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Employment Law/Holiday Pay rights for employees with disabilities


I am an hourly employee for a company which knows of my chronic Illness of Crohn's Disease, I provided a letter from doctor when a flare up had me miss days. I am eligible for Holiday Pay but my handbook doesn't clearly state stipulations on this pay regarding a known sickness or illness? My manager did not pay me for my New Years Holiday even though I tried to come and work the day before the Holiday.  I was sick the entire time I was at work that day, for an hour and a half until I ended up throwing up and then left for the day.  I tried to come into work even though I was sick but was unable complete my day.  Is there any laws in Texas that protect me on this issue?  I asked 2 HR directors above my manager and received vague answers.  I was told even if I provided a doctors note that I still would have not been eligible for Holiday Pay either? I don't think this is right at all, I work 110% each day and have not missed much work at all.  This is a giant corporation I work for and I would like to fight for what is right, is there something that protect me - shouldn't the handbook state something more? I would like to know, because I feel as if I am due this 8 hours pay as an employee who made an effort to work that day, i even have a camera at my desk which could show me and how sick I was that day?

Morallly they should have paid you since you made the effort to come in and work.

Legally if their policy says you have to work the day before the holiday and the day after to be paid they do not have to pay you.

Not right, but it is legal.



I would like to add although it will not help in this situation I would encourage you to sign up with HR for intermittant FMLA leave. This means you can take FMLA leave in segments of up to an hour or more for your chronic condition. This is not help with the holiday policy, however, it will make sure that you are not dinged for attendence because of your condition. They cannot give you a bad attendence rationg if you are on FMLA and with proof of condition you are allowed to take it in intermittence periods like you described to me.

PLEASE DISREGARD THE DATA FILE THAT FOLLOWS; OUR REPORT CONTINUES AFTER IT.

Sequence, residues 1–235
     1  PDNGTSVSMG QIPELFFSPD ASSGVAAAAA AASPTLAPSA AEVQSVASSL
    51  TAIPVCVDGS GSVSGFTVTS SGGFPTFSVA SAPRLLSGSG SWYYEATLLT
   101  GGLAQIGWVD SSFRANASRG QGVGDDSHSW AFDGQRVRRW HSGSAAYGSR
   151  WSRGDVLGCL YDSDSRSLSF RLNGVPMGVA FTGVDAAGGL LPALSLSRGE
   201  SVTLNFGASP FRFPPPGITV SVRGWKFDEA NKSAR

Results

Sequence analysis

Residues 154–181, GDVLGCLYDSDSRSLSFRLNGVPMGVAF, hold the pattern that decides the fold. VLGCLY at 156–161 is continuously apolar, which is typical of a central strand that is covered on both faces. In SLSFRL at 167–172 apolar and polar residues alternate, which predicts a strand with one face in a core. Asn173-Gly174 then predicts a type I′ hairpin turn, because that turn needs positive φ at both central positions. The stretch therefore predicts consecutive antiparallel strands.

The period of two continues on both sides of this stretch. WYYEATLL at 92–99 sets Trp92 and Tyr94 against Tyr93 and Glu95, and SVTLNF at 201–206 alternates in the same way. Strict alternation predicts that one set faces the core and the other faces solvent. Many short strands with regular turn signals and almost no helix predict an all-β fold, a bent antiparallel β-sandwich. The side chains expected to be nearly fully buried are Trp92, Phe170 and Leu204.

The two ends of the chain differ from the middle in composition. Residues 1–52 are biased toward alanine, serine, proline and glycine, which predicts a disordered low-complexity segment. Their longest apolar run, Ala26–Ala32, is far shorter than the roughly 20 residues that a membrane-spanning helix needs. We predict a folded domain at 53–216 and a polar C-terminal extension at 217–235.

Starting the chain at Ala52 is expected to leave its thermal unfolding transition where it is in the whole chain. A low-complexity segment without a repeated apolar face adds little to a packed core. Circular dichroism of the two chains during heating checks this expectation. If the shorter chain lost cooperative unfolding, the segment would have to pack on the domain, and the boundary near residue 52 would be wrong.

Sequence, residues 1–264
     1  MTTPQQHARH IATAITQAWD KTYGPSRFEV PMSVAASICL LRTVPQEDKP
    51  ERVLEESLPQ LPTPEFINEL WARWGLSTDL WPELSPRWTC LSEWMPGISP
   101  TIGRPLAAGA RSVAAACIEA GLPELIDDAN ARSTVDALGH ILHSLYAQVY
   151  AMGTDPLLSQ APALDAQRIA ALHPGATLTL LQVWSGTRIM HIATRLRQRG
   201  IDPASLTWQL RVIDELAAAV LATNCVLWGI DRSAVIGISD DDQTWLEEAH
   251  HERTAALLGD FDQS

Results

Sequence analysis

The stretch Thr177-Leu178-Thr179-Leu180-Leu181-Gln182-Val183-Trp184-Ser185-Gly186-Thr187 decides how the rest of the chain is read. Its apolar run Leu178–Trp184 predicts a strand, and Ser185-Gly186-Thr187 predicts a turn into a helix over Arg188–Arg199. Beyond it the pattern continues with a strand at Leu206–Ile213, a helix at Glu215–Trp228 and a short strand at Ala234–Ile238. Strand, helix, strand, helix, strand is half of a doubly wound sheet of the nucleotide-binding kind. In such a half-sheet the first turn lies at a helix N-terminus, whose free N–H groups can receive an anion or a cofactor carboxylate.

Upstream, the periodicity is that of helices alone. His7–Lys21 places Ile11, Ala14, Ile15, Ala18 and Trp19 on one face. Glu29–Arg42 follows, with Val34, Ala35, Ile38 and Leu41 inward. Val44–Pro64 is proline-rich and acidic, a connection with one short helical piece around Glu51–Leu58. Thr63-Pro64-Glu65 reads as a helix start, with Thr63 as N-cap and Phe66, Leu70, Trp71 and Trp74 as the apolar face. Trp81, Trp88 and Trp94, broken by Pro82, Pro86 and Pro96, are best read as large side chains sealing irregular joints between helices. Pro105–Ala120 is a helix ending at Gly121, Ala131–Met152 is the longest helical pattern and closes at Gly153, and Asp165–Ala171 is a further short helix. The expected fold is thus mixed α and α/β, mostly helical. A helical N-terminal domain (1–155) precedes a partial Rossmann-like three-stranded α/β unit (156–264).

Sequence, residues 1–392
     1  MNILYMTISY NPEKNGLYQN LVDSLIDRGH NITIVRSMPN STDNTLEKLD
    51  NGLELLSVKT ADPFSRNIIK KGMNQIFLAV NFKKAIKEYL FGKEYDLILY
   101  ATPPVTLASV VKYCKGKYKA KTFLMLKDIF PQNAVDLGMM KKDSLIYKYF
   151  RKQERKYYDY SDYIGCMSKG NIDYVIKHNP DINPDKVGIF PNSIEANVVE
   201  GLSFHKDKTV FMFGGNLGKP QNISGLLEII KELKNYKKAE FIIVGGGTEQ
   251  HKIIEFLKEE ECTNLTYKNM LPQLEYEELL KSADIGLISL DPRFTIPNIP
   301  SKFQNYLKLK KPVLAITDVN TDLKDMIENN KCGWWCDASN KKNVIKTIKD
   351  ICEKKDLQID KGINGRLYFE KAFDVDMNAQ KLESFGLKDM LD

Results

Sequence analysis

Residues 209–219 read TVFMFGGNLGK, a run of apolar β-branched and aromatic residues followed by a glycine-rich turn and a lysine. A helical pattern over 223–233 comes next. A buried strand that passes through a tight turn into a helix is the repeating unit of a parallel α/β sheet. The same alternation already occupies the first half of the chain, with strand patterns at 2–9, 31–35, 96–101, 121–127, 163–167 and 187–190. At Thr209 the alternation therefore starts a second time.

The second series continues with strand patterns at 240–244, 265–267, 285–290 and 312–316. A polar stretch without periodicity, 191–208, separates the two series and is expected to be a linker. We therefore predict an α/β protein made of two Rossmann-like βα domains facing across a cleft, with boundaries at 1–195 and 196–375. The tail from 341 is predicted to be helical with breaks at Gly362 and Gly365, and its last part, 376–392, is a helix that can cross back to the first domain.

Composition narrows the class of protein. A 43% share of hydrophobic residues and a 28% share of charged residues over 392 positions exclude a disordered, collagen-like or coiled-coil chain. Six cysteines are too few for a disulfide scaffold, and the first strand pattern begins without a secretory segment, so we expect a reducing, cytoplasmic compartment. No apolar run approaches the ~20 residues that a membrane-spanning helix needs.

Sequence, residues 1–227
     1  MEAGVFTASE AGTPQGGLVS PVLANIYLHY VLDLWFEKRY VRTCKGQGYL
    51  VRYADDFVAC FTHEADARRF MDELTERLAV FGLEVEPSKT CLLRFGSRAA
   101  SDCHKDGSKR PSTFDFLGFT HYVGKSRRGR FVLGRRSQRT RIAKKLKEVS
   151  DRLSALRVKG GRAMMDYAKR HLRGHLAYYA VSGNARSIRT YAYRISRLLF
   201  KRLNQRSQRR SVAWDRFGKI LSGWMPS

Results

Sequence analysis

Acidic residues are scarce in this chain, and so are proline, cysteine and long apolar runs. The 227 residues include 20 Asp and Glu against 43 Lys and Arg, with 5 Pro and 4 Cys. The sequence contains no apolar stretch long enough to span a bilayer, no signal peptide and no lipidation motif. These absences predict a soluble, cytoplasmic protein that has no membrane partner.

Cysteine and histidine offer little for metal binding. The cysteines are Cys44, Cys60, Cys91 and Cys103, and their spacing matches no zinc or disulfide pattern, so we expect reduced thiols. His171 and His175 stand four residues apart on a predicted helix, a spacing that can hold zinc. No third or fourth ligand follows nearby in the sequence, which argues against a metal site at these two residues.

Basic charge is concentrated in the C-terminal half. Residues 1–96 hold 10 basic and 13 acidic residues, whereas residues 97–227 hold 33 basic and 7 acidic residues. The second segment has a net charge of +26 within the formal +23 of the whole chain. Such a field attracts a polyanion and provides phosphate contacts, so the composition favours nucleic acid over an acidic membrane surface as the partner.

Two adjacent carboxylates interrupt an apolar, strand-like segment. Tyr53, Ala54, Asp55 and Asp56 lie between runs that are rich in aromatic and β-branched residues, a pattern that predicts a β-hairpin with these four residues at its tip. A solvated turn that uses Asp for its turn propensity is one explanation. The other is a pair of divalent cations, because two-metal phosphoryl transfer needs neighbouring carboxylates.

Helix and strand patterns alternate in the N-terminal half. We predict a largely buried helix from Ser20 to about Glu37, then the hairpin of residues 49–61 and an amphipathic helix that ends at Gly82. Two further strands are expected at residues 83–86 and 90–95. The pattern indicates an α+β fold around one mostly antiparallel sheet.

If your condition requires extra bathroom time or extra time to eat or rest than you can ask that this be a reasonable accomodation under the ADA (Americans with Disabilities Act).  If this is refused you can file a claim with the EEOC department of the Department of Labor. Also a reasonable accomodation could be a shorter work shedule. Read below.

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Shirley McAllister, CPP, PHR


I can answer questions about payroll laws and payroll tax laws and Human Resource laws and agencies. I can answer federal payroll and human resource law questions and most states; I do not have a knowledge of the local taxes for cities and counties within the state. If and when I can I will try and send you the website where you can reference the answer and where you can obtain more information as well as a contact number if needed for that particular agency. Some agencies I have worked with are IRS, Department of Labor (federal and state), Revenue Canada (and provincial governments), Inland Revenue, OSHA (0ccupational Safety and Health Administration); Social Security Administration and National Child Support as well as other agencies in Payroll and Human Resources. Some Laws I am particularly familiar with are FLSA (Fair Labor Standards Act), ADA (Americans With Disabilities Act), FMLA (Family Medical Leave Act) COBRA (Consolidated Omnibus Reconciliation Act ) , QDRO's, QMCSO's, and other support orders and garnishments, USERRA (Uniformed Services Employment and Remployment Rights Act,PPA Act (Pension Protection Act of 2006, As well as most other employment type acts. I am also well versed in the Title V Civil Rights Act and the HIPAA (Health Insurance Portability and Accountability Act).


30 years in Payroll and Human Resources

SHRM (Society of Human Resources) APA (American Payroll Association) DOLEA (Department of Labor Employers Association) CPA (Canadian Payroll Association) NAPW (National Association of Professional Women) The Mentoring Network

PHR Certification in Human Resources CPP Certification in Payroll in U.S. Payroll Administrator and Payroll Supervisor certification in Canada

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